What’s in the freedom of right to carry what one wills on a departing flight? A bomb on a plane- no that’s an obvious no. How about a gun? Again another no. A withered hard cover copy of the latest celebrity gossip- of course, assuming you don’t intend to throw or beat people up with it on the plane, that’s an instant pass.
Hmm, okay how about a book describing the teachings of Lenin and Karl Marx? Well that might get you a few sneers but one can reasonably assume you’d still be able to get on the plane and make your final destination. What though if you tried to get on the plane and you are carrying anarchist literature? Say like leaflets dubbed the ‘Bank of Ideas,’ challenging the hegemony of the banking industry? Brief pause. That’s right you will be promptly barred from getting on the plane as one Occupy London protester, John Charles Culatto had the displeasure of finding out when he recently tried to get on a Ryanair flight to Malaga from Bristol, for fear that he might begin distributing leaflets on the plane and generally upsetting passengers.
independent.co.uk: John Charles Culatto, 34, claimed he was approached by police at Bristol International Airport who told him they had seen him “acting suspiciously” on the airport’s CCTV system when he stopped to talk to fellow travellers.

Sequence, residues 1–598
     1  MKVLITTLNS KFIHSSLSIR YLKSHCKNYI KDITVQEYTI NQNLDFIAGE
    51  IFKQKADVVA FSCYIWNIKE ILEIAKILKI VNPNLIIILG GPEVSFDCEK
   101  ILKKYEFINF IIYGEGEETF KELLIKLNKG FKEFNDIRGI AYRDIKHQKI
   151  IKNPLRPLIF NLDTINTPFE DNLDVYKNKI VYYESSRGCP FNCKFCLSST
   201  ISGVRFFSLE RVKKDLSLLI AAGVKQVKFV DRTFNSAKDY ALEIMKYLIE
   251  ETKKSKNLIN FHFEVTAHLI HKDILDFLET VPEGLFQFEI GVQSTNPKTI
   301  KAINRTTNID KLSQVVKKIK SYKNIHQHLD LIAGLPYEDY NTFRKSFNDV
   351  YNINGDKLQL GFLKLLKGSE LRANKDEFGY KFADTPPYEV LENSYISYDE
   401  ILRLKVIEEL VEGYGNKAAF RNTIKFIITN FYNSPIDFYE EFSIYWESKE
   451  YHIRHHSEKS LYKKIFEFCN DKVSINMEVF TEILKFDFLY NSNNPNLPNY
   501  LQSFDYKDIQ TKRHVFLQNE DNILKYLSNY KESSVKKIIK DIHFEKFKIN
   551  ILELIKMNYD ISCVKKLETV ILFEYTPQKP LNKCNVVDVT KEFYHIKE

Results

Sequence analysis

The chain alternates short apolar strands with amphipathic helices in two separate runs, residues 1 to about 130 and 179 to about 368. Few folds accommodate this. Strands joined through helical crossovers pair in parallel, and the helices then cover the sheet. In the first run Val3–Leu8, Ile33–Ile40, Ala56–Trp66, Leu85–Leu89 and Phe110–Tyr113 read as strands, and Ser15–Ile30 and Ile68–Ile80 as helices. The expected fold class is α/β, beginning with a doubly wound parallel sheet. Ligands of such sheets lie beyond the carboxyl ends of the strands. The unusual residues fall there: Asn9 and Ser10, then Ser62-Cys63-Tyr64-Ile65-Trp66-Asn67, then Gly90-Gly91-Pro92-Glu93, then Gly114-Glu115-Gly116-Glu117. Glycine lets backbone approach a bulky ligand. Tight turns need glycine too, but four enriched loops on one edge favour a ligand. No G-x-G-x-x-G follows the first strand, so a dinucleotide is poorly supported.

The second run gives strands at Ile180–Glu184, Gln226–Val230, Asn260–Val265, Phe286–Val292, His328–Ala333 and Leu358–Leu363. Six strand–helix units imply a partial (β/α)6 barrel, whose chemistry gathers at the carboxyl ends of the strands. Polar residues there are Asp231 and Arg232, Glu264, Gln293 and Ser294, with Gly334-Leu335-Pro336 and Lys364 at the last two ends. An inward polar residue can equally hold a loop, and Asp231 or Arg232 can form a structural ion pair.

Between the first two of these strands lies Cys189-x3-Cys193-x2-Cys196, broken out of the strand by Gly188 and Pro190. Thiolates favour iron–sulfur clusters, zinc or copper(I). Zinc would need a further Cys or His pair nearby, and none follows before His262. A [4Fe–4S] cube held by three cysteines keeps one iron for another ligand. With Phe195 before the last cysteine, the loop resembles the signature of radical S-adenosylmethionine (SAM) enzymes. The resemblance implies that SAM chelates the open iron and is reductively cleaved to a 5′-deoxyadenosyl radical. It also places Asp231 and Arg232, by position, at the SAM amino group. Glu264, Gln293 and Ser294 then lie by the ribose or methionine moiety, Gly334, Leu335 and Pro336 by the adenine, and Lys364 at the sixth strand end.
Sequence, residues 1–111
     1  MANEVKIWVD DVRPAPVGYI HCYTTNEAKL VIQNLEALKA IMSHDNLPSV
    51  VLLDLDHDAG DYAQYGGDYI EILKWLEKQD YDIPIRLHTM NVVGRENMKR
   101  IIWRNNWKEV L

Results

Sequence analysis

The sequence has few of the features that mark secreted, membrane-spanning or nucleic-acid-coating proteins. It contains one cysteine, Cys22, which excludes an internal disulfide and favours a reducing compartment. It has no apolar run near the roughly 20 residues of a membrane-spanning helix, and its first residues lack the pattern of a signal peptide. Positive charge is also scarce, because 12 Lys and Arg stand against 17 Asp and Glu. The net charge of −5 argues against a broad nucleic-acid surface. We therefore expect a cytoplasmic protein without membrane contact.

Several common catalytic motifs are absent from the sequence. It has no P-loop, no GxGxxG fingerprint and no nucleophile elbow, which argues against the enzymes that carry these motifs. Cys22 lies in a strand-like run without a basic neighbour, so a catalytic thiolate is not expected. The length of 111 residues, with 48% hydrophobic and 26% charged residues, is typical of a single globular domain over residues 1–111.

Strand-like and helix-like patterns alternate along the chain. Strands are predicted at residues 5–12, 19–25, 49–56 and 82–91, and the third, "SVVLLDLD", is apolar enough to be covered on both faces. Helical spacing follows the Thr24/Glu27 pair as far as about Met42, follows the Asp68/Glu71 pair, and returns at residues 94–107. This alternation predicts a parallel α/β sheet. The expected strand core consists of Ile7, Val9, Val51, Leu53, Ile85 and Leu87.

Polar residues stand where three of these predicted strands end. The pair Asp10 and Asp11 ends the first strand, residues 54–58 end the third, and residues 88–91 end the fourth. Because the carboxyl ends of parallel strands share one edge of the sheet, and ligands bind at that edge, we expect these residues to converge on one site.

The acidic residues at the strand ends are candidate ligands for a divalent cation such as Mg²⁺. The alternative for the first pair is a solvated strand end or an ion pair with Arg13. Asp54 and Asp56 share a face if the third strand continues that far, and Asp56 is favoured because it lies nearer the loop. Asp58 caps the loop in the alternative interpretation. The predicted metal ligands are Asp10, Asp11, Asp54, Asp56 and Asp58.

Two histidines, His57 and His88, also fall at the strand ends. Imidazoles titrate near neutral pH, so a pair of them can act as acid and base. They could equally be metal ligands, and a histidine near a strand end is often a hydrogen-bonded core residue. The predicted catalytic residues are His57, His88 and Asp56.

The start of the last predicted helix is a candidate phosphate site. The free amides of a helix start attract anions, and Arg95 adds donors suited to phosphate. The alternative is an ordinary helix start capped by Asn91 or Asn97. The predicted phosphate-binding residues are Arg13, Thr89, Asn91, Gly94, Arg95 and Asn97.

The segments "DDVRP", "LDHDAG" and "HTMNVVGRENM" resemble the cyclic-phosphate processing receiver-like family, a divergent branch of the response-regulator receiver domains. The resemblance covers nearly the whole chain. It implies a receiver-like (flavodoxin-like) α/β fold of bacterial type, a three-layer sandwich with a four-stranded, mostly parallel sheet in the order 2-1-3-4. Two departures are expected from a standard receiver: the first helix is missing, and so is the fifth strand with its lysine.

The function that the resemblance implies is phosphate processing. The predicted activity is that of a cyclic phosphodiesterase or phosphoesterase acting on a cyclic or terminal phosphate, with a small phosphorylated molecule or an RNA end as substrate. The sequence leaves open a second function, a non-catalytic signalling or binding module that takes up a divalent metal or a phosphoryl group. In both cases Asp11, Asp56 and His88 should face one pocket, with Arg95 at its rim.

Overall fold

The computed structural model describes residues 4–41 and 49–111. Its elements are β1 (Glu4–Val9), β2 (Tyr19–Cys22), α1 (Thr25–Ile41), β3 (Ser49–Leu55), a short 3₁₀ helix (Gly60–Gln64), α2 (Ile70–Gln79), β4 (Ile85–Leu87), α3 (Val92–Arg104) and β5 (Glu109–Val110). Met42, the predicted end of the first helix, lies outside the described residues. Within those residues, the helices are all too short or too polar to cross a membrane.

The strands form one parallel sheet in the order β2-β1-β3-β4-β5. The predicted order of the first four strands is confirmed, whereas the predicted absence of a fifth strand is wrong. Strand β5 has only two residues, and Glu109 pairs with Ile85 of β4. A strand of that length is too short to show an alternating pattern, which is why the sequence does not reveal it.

He said he went to airport security an hour before his flight was due to depart, where staff found posters in his bag linked to the anarchist group Crimethinc and refused to allow him through until they had contacted the airline. He claimed he overheard security staff who were examining his luggage using the word “terrorism”.
When he finally got to the boarding gate, he claimed he was prevented from boarding by staff. Mr Culatto said: “[I was told] that because of the very remote possibility I could distribute leaflets on the plane and upset people, the captain had decided not to take me aboard.”
If one had overheard this at a bar one might be suspicious to think this was all being made up, but it is not. It actually happened the other day. Which is to say not only are physical things that you may choose to carry onboard subjected to scrutiny, but it now seems so are the ideas that you may choose to inspire yourself with.
In some parts of the word that’s called totalitarianism, but at Ryanair and one wonders what other airliners these days that’s called keeping things ‘stabilized.’ Stabilized? That sounds like a convenient word one can use to usurp one’s ideological will and agenda, otherwise there’s always that celebrity rag you threw away just before you got on the flight to keep you from thinking too much about things that might otherwise might be unsettling.
A spokesman for Servisair, which manages the departure gates, said Mr Culatto was stopped because he arrived at the gate after it closed because of the time it took to clear security. He said the decision not to allow him to fly was taken by the airline.
Ryanair called the allegations “complete and utter rubbish”.
Utter rubbish or just another convenient way to deny the obvious?
Don’t you wish you could one day live in an equitable tolerable society where all manners of ideas and expressions were tolerated? Who can say, after all
the establishment’s passenger safety must always come first. Wonder where we’ve heard that one before…?